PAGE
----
Again, championship aspirations remain very distant in Detroit. But there’s still a strong connection there with both the Bad Boys – the NBA’s ultimate castoff team – and 2004 championship team, which featured Chauncey Billups (bounced between the Celtics, Raptors, Nuggets, Magic and Timberwolves before finding a home in Detroit), Richard Hamilton (judged by Michael Jordan to lack the proper winning attitude), Tayshaun Prince (fell to No. 23 in the draft despite a standout Kentucky career), Rasheed Wallace (kicked out of Portland for being a bad seed) and Ben Wallace (undrafted and cut by the Celtics).

Did Dumars target players like Smith and Jennings, because they’re viewed as having an edge about themselves?

“We’re not afraid to go down that road,” Dumars said. “That doesn’t dissuade us at all from going up to guys like that. As a matter of fact, we like guys like that.”

Jennings gives the Pistons a better point guard than Brandon Knight, and that’s the most important reason he’s on the team. But Jennings also gives Dumars a chance to save his job with his type type of player. The Pistons have aligned themselves on a course that has worked for them in the past.

Nationally, the Pistons’ season is about really talented players trying to make it work together. Locally, the season is about Dumars’ attempt to keep his job.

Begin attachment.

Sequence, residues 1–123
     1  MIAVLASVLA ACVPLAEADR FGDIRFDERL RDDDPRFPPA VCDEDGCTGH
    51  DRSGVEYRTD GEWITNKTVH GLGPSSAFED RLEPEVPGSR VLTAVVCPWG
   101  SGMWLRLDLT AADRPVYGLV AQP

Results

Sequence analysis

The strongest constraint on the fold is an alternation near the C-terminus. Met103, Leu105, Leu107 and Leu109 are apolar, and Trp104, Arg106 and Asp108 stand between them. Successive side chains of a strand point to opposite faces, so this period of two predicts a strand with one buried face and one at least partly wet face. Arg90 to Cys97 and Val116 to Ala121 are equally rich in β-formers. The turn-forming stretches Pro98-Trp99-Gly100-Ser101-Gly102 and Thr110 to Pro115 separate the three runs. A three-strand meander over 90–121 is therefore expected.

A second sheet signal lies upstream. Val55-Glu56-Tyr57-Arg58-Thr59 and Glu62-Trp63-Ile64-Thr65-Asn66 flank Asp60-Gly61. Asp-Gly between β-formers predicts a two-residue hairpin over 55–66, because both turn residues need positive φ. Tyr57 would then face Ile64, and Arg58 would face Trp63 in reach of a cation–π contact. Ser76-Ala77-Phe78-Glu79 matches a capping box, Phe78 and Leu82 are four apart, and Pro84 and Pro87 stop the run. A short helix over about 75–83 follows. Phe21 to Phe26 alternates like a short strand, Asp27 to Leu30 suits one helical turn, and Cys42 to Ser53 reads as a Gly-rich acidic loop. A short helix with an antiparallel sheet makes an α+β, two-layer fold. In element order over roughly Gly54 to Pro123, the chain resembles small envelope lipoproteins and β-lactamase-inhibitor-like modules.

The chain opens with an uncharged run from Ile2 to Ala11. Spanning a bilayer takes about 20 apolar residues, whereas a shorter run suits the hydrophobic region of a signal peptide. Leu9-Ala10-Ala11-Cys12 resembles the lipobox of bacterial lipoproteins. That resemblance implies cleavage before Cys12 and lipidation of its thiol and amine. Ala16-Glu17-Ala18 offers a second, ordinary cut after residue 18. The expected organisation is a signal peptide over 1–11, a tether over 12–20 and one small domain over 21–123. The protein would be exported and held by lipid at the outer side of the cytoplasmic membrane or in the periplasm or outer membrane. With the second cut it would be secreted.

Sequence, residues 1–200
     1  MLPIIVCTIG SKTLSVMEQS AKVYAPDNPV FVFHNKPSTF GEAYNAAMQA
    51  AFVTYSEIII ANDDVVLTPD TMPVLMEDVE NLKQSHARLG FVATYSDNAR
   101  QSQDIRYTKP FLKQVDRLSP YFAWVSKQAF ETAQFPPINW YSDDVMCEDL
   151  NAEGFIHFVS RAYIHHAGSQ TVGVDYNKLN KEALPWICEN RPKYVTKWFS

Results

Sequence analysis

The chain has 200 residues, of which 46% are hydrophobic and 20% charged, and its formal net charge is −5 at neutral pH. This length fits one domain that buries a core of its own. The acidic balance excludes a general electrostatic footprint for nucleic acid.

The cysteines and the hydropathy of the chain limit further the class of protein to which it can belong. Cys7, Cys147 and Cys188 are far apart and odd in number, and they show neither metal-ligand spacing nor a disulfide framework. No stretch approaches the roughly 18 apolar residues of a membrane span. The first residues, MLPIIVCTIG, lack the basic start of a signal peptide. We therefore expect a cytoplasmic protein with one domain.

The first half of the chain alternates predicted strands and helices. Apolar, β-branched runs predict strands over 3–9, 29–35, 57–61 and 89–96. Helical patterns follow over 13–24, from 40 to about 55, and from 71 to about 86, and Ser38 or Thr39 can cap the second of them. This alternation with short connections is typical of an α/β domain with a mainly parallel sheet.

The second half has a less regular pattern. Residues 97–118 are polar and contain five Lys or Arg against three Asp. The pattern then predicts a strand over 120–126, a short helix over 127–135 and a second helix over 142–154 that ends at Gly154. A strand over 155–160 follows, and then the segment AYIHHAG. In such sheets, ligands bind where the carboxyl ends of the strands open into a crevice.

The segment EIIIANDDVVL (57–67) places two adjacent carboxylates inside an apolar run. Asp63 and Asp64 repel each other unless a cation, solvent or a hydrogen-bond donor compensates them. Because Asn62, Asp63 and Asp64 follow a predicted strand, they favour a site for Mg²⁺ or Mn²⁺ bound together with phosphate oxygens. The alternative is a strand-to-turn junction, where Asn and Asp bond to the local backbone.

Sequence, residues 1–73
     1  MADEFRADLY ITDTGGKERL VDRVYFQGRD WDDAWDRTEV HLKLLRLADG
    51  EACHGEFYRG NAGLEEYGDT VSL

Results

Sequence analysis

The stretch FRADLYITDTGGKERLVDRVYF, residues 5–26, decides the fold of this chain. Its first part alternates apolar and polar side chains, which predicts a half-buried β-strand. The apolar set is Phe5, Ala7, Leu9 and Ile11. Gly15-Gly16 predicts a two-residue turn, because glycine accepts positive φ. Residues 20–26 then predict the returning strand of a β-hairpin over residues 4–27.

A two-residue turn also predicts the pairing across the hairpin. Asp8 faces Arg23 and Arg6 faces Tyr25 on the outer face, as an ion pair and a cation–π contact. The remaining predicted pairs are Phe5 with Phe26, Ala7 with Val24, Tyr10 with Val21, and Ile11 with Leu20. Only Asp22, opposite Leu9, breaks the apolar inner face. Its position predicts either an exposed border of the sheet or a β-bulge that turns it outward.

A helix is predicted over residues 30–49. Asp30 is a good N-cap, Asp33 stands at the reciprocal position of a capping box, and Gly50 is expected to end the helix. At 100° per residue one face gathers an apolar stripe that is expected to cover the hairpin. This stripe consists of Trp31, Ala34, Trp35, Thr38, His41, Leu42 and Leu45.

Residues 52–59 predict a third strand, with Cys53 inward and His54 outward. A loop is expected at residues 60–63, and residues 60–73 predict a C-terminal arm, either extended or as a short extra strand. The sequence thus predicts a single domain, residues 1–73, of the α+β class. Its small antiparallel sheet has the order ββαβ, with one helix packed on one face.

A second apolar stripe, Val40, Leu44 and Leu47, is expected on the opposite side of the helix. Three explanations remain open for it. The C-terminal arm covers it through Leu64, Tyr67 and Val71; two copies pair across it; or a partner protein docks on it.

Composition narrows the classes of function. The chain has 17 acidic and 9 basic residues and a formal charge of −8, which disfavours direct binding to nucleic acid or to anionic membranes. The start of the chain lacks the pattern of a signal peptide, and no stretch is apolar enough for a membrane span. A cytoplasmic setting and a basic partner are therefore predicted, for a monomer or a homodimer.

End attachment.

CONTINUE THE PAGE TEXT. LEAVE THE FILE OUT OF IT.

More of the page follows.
Jennings makes both storylines a lot more intriguing.

Minnesota’s Wiggins considers contract deal without agent

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MINNEAPOLIS (AP) — Andrew Wiggins says he feels good about a max contract offer that is sitting in front of him with the Minnesota Timberwolves. But he’s in no rush to get it signed.

Wiggins says he is going over the five-year, $148 million offer from the Wolves deliberately to make sure everything is where he wants it before he signs. He is being extra careful because he is operating without an agent after parting ways with Bill Duffy and BDA Sports in August.

Wiggins says he has only positive things to say about Duffy. But he made the decision “from a business point of view.” He says he is leaning on parents, who were both high-profile athletes.

He says he appreciates the level of commitment the Timberwolves have shown and wants to be in Minnesota for the long term.

 

Report: Carmelo Anthony adds Cavaliers, Thunder to list of teams where he will accept trade

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Carmelo Anthony wants most of all to be traded to Houston (and he has leverage thanks to the no-trade clause Phil Jackson/James Dolan gave him). However, to make the deal work the Rockets needed to unload the three-year, $60 million contract of Ryan Anderson — which the Knicks do not want, and neither did any third team without a couple high first-round picks as a sweetener. Also, the Knicks wanted quality you assets back the Rockets didn’t have (or would part with), so the deal was dead. Anthony tried to wait it out, but nothing happened, and at this point the Knicks expect ‘Melo in camp Monday.

In the face of that, Anthony has expanded his list of teams where he will waive his no-trade clause to include the Cleveland Cavaliers and Oklahoma City Thunder, according to multiple reports.